The Opposite of Worry

Deuteronomy 8:7-18
Matthew 6:25-33

 

6: 25“Therefore I tell you, do not worry about your life, what you will eat or what you will drink, or about your body, what you will wear. Is not life more than food, and the body more than clothing? 26 Look at the birds of the air; they neither sow nor reap nor gather into barns, and yet your heavenly Father feeds them. Are you not of more value than they? 27 And can any of you by worrying add a single hour to your span of life? 28 And why do you worry about clothing? Consider the lilies of the field, how they grow; they neither toil nor spin, 29 yet I tell you, even Solomon in all his glory was not clothed like one of these. 30 But if God so clothes the grass of the field, which is alive today and tomorrow is thrown into the oven, will he not much more clothe you—you of little faith? 31 Therefore do not worry, saying, ‘What will we eat?’ or ‘What will we drink?’ or ‘What will we wear?’ 32 For it is the Gentiles who strive for all these things; and indeed your heavenly Father knows that you need all these things. 33 But strive first for the kingdom of God and his righteousness, and all these things will be given to you as well.” (Matthew 6:25-33, NRSV)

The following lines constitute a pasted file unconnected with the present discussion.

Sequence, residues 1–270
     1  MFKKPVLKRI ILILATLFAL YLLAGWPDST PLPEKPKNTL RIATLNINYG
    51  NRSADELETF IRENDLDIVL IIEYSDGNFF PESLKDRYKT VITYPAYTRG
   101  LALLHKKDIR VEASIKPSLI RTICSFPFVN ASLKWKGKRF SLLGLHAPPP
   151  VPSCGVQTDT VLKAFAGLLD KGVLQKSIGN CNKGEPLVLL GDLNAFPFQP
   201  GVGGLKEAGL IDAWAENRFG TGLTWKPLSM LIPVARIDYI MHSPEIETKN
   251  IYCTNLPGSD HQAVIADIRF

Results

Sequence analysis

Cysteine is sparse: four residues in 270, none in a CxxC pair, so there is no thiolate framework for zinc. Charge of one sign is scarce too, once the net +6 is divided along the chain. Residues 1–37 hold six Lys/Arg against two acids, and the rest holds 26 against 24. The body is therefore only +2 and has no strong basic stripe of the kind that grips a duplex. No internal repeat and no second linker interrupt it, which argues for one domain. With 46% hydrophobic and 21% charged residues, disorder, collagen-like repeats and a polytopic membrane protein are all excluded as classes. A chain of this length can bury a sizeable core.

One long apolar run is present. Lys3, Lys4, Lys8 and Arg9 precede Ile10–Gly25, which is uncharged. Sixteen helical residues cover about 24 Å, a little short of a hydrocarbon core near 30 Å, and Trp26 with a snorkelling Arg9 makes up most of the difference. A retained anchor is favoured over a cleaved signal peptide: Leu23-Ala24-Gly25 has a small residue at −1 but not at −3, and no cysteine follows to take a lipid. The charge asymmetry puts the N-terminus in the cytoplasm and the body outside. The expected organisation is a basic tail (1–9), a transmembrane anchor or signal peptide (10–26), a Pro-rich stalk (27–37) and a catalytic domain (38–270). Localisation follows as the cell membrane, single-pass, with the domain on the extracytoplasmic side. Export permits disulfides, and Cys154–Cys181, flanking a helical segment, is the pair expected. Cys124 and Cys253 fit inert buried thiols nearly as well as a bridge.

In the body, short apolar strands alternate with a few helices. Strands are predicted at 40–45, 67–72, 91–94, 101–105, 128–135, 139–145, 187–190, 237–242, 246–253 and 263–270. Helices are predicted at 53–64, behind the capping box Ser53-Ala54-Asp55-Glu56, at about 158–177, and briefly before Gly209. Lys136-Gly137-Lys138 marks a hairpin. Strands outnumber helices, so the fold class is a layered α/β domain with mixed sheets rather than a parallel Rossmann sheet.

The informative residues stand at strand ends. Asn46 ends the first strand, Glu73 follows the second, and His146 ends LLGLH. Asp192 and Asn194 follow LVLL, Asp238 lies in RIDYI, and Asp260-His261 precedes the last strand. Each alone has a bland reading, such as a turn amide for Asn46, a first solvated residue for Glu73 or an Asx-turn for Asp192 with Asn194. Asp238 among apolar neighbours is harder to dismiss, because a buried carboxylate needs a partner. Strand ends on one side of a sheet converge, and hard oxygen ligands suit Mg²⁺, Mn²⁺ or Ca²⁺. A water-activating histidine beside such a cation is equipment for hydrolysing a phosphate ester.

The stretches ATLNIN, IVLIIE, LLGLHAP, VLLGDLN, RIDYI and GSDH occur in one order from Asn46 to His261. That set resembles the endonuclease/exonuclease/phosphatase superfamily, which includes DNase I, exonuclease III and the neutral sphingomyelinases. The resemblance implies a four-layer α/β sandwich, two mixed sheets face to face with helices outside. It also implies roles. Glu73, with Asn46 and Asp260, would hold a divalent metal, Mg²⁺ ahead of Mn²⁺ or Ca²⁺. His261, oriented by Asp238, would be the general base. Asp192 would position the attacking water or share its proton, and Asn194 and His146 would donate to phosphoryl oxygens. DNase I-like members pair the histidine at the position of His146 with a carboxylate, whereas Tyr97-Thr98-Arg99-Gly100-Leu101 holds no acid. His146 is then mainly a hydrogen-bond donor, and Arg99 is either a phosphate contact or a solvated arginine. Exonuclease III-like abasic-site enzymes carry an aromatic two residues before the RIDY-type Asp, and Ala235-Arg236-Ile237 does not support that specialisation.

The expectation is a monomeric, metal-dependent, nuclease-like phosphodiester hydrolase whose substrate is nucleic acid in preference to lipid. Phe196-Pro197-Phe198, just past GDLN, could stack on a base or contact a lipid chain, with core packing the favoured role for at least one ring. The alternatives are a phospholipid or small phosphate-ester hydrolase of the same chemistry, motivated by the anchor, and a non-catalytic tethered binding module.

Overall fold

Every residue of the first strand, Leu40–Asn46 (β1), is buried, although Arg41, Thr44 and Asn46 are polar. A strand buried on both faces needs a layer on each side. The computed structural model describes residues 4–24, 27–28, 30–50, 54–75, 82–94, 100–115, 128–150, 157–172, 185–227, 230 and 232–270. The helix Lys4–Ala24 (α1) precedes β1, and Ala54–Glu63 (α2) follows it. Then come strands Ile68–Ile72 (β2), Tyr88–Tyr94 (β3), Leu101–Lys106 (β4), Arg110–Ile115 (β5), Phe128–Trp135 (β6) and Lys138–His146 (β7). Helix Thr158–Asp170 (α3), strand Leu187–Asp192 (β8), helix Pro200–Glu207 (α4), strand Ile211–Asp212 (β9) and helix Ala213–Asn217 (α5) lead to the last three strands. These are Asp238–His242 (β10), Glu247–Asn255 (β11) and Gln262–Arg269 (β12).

Let us pray: O God, in your Son Jesus Christ you richly bless us with all that we need, bread from the earth and the bread of heaven, which gives life to the world. Grant us one thing more: grateful hearts to sing your praise, in this world and the world to come. Amen.

 

The world has changed a great deal since the time of Jesus. Think of all the technology we have that the people of biblical times did not, electricity, heat and air conditioning, cars and air planes, smart phones, the changes are too numerous to count. Other things have changed as well like our understanding of poverty, wealth, and life expectancy are much different today than they were over 2000 years ago.

 

One huge difference in our time and biblical times is the media. We are constantly bombarded with images and messages that encourage us to consume.  Buy this car and have a better life, buy this food and feel this good.  These messages define our sense of happiness.  On the flip side, these messages can make us feel unhappy with the actual life we have in the hope that we will buy and consume more.  Our media age can also show the harsh reality of our world.  We see everything today.  We live in constant fear of terror attacks and violence across the world.  As a result, we live with conflicting messages and concerns that distract us and divide our loyalties.  We seek security and stability but we can’t help but be worried about our future.